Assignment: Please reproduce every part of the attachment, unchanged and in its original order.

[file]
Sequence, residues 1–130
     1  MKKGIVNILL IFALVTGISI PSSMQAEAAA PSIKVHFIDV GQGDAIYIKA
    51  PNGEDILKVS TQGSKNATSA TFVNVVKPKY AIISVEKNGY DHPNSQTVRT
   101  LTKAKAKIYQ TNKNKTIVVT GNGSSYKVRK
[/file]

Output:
Sequence, residues 1–130
     1  MKKGIVNILL IFALVTGISI PSSMQAEAAA PSIKVHFIDV GQGDAIYIKA
    51  PNGEDILKVS TQGSKNATSA TFVNVVKPKY AIISVEKNGY DHPNSQTVRT
   101  LTKAKAKIYQ TNKNKTIVVT GNGSSYKVRK